‘Hi. You’ve signed up for the bird spotting expedition? You’re not going to jump, are you? My name’s Camilla, by the way. Life can be beautiful, you know?’
Jon stared at her. As the train was about to rush in, Jon took a step backwards.
Camilla sat opposite Jon, in an almost empty wagon. As the boy hadn’t spoken one word, she decided to break the silence.
‘Isn’t it odd that Mr. Wurlitzer didn’t show up?’ she asked.
The boy shrugged. Camilla was about to ask another question when at last Jon spoke.
‘What are you reading?’ he asked.
She looked down at the three books that were neatly stacked on her knees. When Camilla was much smaller, she used to own a large black cat that always sat on her lap. Its weight and warmth had been a great comfort throughout her childhood. After the cat died, Camilla needed to always have something on her knees, or else she felt naked and vulnerable, no matter how many layers of clothes she had on. Of course, she could not tell him this story. Instead, she handed over her books.
Jon studied the cover of the first one. It was a French novel:
La chinoise qui retenait l’eau by Solange Losange.
‘It means something along the lines of the Chinese woman who retained water,’ Camilla said. ‘I’ll probably never read that book since my French is not very good, but I love its ambiguous title. One can only guess whether this woman held back water magically and thus improved harvests in some drought-plagued Chinese valley or if she had a medical condition.’
Jon stared for a while at the bloated features of the Asian woman on the cover but did not reply. He moved on to the next one, a Japanese phrase book. On its front, two young children, a boy and a girl, had their arms stretched out towards an out-of-reach albatross.
‘I’m not planning to learn a new language, but that image is simply brilliant. Between the lines, they are telling us: Hey, you will never speak Japanese; it’s totally beyond your capacities,’ Camilla said. ‘Originally, I had gone to the bookshop for Ballard’s Crash but it came with an extremely ugly cover that showed a black and white illustration of Liz Taylor, with a horrendous line of colored squares on the side.’
The last book was British Birds by Porn Johnson. Jon smiled.
‘Funny,’ he said.
‘Yes, why would someone who wrote all those books about alternate realities suddenly care about birds?’ she asked.
Jon looked taken aback. Camilla realized that the boy was referring to the author’s name.
‘Oh, that. Yes, his parents must have had quite a sense of humor,’ she said. ‘Which bird book did you bring along?’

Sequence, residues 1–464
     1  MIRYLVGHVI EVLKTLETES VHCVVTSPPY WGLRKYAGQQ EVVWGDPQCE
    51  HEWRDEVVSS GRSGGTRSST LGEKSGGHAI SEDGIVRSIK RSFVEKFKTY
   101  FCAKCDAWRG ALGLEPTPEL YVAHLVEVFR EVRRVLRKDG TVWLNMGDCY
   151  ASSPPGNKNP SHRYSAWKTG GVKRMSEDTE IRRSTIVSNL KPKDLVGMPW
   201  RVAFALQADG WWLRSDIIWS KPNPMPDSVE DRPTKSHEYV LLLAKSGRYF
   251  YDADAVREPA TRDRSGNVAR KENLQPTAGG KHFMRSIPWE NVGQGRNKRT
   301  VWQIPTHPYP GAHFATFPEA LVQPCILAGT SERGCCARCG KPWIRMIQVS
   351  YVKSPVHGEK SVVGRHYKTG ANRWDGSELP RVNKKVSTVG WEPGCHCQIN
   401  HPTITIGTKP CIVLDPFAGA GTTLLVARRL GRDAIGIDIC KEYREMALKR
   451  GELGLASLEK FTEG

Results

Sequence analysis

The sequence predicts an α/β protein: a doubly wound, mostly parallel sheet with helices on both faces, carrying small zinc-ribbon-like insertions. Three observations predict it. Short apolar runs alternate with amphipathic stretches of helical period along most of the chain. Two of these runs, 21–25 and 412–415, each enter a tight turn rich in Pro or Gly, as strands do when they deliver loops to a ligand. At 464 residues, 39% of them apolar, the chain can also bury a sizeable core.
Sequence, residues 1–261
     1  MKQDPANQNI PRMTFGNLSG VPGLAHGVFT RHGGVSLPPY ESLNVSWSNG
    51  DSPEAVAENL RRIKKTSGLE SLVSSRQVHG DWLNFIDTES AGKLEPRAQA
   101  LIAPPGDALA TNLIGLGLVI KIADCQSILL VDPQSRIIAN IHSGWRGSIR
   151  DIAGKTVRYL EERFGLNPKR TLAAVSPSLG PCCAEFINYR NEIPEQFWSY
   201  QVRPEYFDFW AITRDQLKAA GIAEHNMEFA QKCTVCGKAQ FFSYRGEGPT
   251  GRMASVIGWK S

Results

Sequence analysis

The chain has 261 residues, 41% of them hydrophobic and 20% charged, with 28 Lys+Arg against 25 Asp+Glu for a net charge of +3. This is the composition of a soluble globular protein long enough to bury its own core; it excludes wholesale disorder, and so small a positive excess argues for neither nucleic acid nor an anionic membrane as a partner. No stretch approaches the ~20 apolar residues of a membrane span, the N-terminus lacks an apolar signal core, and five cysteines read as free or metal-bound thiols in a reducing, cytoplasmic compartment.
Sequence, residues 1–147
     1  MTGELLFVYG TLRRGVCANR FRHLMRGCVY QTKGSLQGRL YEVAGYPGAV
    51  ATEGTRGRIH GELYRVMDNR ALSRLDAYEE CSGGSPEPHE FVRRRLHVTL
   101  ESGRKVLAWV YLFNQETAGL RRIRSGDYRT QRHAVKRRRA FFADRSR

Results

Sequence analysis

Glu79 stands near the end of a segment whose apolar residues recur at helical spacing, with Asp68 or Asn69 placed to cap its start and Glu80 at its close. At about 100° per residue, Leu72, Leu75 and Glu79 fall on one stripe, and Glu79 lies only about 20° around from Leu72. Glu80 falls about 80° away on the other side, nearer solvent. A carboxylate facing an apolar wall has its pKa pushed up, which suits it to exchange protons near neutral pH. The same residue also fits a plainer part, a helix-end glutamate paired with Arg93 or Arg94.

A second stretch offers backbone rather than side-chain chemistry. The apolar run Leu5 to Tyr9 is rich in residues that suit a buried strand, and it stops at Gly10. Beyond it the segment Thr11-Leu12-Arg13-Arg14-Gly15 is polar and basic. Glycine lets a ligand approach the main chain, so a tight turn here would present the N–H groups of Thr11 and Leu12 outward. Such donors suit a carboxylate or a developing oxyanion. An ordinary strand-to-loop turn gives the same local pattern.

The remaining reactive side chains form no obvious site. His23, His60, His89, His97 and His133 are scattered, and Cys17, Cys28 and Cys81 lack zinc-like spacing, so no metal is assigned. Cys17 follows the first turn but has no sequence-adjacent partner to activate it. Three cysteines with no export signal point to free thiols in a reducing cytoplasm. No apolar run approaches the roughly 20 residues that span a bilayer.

‘I didn’t get a chance to buy one,’ he replied.
‘That’s okay. I will lend you mine,’ Camilla promised.
In the late afternoon, Jon and Camilla got off their train and hung around the station for a while, searching for Mr. Wurlitzer. He was nowhere to be found. As directed by their itinerary plan, both students boarded a bus and, two hours later, a ferry. It was getting dark by the time they reached their guesthouse, which was located in the middle of a small fishing village.
That night, Camilla lay awake in her bed, thinking of Jon. She was wondering what he was wearing and whom he was dreaming of. A loud screech of car brakes pulled the girl out of her reverie. Camilla rushed to the window and looked down into the street. A monster-sized silhouette, which could only belong to Mr. Wurlitzer, climbed out of a vehicle and proceeded towards the guesthouse’s entrance. Shortly afterwards, the natural science teacher ascended the staircase, while his trolley bag banged along. With the regularity of a metronome, he stopped every three steps to catch his breath. At long last, Mr. Wurlitzer reached the second floor, where all guestrooms were located. Camilla jumped back into bed and listened as the man walked slowly down the corridor. He was so large that his flanks brushed both walls at once, bringing down the neatly framed flower drawings. Like a small child, Camilla covered her head with a blanket when she heard the repeated crashes and tinkles of broken glass. Why wasn’t anyone stepping out to complain about the astonishing racket? Camilla realized that all other guests were probably trembling in their beds. That thought set off a nervous fit of giggles, which the girl tried hard to muffle. Was it her imagination or was the building caving in, under the weight of the huge man? She wondered what would happen if the entire place collapsed. Camilla pictured a news headline scrolling at the bottom of a television screen: Obese teacher brings down Scottish guesthouse – two dead and many injured. The girl wanted to believe that her survival instincts would send her jumping out of the window before it was too late. Camilla realized how unlikely this scenario was. She would scream from her rubble-covered bed, in the desperate hope that Jon would rush over and dig her out. The boy would carry Camilla to safety, while a bunch of nightgown-clad neighbors clapped their hands and congratulated him for his courage.